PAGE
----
When they saw the courage of Peter and John and realized that they were unschooled, ordinary men, they were astonished and they took note that these men had been with Jesus.Acts 4:13
I was walking on the campus of Davidson College as my twitter feed began to fill with stories of the #AsburyRevival. As I went past Lingle Chapel, I was reminded of my experiences over twenty years ago. Back then about two dozen students began to gather on Thursday nights to pray and sing together. These unstructured, leaderless worship services by a bunch of untrained students grew from a motley crew. Eventually, our little gathering outgrew the chapel space and we had to begin gathering in the main sanctuary of DCPC.
Those weekly worship gatherings were a hallmark of my experience at Davidson. They shaped my marriage, my ministry and my life. So I look fondly at what the Spirit is doing at Asbury right now. The freedom for students to find their spiritual voices is tremendously exciting. For them to find the freedom of repentance, the power of reconciliation, the love of Christ, and the Joy of the Spirit apart from the trappings of a big steeple church may awaken a new generation of faithful leaders.
The Asbury President has a wonderful blog post here, where he writes, “I think it is wise to see this, at the current phase, as an awakening…Only if we see lasting transformation which shakes the comfortable foundations of the church and truly brings us all to a new and deeper place can we look back, in hindsight and say ‘yes, this has been a revival.’” He speaks tentatively because he wants to stand in awe of this awakening rather than talk about it. But he also demonstrates a humbleness as he hints for a longing that this would shake the comfortable foundations of the church.
This too reminds me of the best thing that our college chaplain and the large steeple church did for us back at Davidson. They handed us a key and then got out of the way. They did not try to contain it, explain it, direct it, lead it, control it, expand it or even claim it as their own.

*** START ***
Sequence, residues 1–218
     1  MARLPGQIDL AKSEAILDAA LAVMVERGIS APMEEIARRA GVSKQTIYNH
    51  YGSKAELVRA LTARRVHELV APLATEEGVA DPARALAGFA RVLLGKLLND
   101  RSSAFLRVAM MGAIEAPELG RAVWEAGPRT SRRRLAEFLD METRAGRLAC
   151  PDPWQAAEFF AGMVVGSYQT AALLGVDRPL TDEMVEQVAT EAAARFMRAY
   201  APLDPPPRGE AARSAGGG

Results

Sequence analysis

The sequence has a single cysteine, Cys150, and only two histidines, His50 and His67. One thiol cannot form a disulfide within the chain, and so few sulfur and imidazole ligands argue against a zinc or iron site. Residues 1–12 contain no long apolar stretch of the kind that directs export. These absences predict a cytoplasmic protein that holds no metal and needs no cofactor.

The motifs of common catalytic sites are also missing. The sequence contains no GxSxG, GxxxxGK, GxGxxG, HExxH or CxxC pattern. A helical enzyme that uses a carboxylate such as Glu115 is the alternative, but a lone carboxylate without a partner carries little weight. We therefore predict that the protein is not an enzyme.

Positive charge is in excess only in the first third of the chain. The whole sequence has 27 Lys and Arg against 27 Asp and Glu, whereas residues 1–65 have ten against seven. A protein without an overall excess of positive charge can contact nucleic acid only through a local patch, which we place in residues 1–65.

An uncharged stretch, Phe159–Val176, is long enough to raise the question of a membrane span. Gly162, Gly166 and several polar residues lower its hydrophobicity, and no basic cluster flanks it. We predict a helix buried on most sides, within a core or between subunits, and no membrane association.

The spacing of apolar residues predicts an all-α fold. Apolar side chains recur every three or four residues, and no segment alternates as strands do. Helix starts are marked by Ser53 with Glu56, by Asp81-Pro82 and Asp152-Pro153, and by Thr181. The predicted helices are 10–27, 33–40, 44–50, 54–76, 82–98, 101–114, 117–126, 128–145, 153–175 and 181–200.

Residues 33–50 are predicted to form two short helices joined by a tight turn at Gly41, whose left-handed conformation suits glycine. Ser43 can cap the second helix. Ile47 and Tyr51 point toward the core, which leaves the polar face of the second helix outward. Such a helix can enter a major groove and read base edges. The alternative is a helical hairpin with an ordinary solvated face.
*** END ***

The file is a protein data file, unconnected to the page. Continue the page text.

There are two things you can do with power, either hoard it or give it way.
Alan Hirsch shares about one of the major factors that stymied and eventually stopped the powerful, Spirit filled ministry of Methodist itinerate preachers during the Second Great Awakening. While Presbyterians and Episcopalians had been building large steeple churches in the center of growing cities, the Methodists took to circuit riding where a preacher would go from frontier village to village preaching the gospel in a tent and then leaving the discipleship to emerge from the local community. The Spirit used these men, but eventually human ego and institutionalism got in the way to deflate this movement.
Eventually the Presbyterians and the Episcopalians began to complain about “those uneducated and uncouth” Methodists. As the institutionalists’ rebukes became louder and louder, eventually the Methodists tried to educate, validate and license these preachers. These hurdles began to block the Spirit’s movement and He decided to take His efforts elsewhere.
This is why I have always been drawn to an Acts 4:13 style of ministry that elevates the ordinary and untrained people. What was noteworthy about John and Peter was simply that these men had been with Jesus. This is what I would love for people to say about me and the people of Waypoint: these are people who spend time with Jesus.
Looking back at my experience at Davidson, I realize it was not my religious courses that prepared me for twenty years of pastoral ministry but the nights I spent in praise and prayer with Lindsay, Kate, Georgia, Laura, Mark, David, Kyle, Tim, Evan, Carrie, Blake, Brent, Benjamin, Jaclyn, Becca, Ashley, Dan, Annie, Justin, Berge…and it is driving me crazy because I know I am forgetting your name in this moment…because these were ordinary people wanting to spend time with Jesus.